Young Clergy Numbers Grow Among Young Clergywomen

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For over ten years, the Lewis Center in partnership with the General Board of Pension and Health Benefits has reported annually on Clergy Age Trends in the United Methodist Church. The Lewis Center prepares these reports so that church leaders can see the most important trends in clergy numbers and ages in such a way that they understand these trends, can easily share them with others, and act upon the findings.

Gender has been a major factor in the young clergy gains. In the last ten years, the percentage of women among young elders has increased from 31 percent in 2005 to 41 percent in 2015, the highest ever.

The report covers elders, deacons, and local pastors. Elders are ordained to a ministry of Word, Sacrament, Order and Service. They itinerate and receive an appointment annually by the bishop. Deacons are ordained to a ministry of Word, Service, Compassion, and Justice to both the community and a congregation. Deacons are not required to itinerate, nor guaranteed an appointment. A local pastor is licensed and appointed to perform the duties of a pastor in a particular setting. They are not required to itinerate, nor guaranteed an appointment.

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Growth in Young Clergy All Among Women

The number of young clergy in the United Methodist Church reached its low point in 2005, especially among elders. The number of under-35 elders had declined to 850 or 4.69 percent of active elders. Growth among young elders has been slow but relatively steady over the past ten years. In 2015, there are 986 young elders that comprise 6.56 percent of the pool of active elders, a pool now smaller by over 3,000 elders.

Gender has been a major factor in the young clergy gains. In the last ten years, the percentage of women among young elders has increased from 31 percent in 2005 to 41 percent in 2015, the highest ever. In fact, there are actually fewer young male elders now than in 2005 with all the increases coming from young female clergy.

Young Elders by Gender
Men Women
In 2005 587 263
In 2015 582 404
Change (5) 141

 

Deacons, on the other hand, have traditionally been predominantly female. Yet, even among deacons, the percentage of women has increased. Since 2012 the percentage of female deacons has increased each year from 68 percent in 2012 to 80 percent in 2015. Among local pastors, the young cohort is increasing but primarily among men, with the proportion of young female local pastors continuing to represent about a quarter of the group.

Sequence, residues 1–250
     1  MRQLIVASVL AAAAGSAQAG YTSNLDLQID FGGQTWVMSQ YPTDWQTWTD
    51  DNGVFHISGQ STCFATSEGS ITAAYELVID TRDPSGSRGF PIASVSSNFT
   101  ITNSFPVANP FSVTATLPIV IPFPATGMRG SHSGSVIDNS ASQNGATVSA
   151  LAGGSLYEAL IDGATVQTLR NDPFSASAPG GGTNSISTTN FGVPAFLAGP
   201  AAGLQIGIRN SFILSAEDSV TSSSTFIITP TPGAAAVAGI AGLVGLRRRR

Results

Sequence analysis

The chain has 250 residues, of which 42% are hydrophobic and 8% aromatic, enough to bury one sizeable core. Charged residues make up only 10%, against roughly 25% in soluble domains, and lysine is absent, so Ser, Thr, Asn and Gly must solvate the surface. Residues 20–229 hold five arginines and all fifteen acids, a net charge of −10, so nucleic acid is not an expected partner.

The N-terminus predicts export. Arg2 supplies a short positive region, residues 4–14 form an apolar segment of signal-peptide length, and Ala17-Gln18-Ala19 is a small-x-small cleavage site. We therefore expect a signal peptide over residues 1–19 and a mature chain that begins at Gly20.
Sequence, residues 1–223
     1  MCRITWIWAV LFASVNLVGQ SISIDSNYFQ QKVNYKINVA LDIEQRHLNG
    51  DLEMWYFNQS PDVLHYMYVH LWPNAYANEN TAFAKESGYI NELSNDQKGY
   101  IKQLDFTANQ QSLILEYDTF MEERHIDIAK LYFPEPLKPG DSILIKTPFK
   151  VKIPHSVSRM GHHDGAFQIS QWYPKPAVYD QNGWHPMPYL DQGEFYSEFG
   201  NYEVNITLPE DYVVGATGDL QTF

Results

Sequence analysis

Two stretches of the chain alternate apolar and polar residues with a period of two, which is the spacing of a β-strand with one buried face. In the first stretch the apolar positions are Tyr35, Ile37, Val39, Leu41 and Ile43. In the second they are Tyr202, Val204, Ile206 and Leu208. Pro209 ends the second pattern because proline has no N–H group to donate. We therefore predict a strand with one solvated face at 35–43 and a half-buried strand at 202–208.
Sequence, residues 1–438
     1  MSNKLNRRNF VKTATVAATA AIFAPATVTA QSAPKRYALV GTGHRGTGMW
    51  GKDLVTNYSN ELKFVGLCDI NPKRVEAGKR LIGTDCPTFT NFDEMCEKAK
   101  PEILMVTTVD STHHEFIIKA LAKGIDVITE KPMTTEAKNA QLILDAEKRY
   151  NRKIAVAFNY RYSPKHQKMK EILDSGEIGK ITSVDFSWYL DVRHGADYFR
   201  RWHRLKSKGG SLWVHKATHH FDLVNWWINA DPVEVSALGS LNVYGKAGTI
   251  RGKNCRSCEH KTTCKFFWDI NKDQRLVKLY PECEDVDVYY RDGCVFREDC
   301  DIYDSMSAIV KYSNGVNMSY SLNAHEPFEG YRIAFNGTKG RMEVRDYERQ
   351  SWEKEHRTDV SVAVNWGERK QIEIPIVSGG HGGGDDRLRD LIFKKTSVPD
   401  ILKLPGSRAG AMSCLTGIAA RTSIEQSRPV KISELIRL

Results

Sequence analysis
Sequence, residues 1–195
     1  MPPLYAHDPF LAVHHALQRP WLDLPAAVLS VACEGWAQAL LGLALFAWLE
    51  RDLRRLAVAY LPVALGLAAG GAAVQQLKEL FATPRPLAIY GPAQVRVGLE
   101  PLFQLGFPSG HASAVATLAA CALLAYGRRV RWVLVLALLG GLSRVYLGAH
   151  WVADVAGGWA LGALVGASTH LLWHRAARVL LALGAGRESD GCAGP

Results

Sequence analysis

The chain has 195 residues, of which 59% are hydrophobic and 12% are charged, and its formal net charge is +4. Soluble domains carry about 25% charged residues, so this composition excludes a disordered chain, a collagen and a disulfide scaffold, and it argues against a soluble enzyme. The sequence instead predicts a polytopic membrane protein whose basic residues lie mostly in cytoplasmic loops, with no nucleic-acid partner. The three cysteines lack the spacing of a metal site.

Elders Older Despite More Young Elders

Elders between ages 55 and 72 comprise 55 percent of all active elders, the highest percentage in history. This age cohort represented only 30 percent of active elders as recently as 2000. Unfortunately, the modest gain in the presence of young elders was offset by a decline in the percentage of elders aged 35 to 54. This mid-age group continues to shrink, from 65 percent of all active elders in 2000 to 38 percent in 2015.

Regional Differences

For many years the highest concentrations of young clergy elders have been in the Southeastern and South Central Jurisdictions. For example, the conference with the highest percentage of young elders is Texas with almost 12 percent, and the conference with the largest number of young elders is Virginia with 60. This regional trend continues in 2015, but the Dakotas Conference from the North Central Jurisdiction returned to the top ten conferences in the percentage of young elders. Also of significance, there are five “trending” conferences that include at least one conference each from the North Central and Western Jurisdictions in which there have been significant gains among young clergy in the past three years.

Much more information is available in the complete Clergy Age Trends report, which is available for download free of charge. The full report includes detailed data for every annual conference.

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About Author

Dr. Lovett H. Weems, Jr.

Lovett H. Weems, Jr., is senior consultant at the Lewis Center for Church Leadership, professor of church leadership at Wesley Theological Seminary, and author of several books on leadership.


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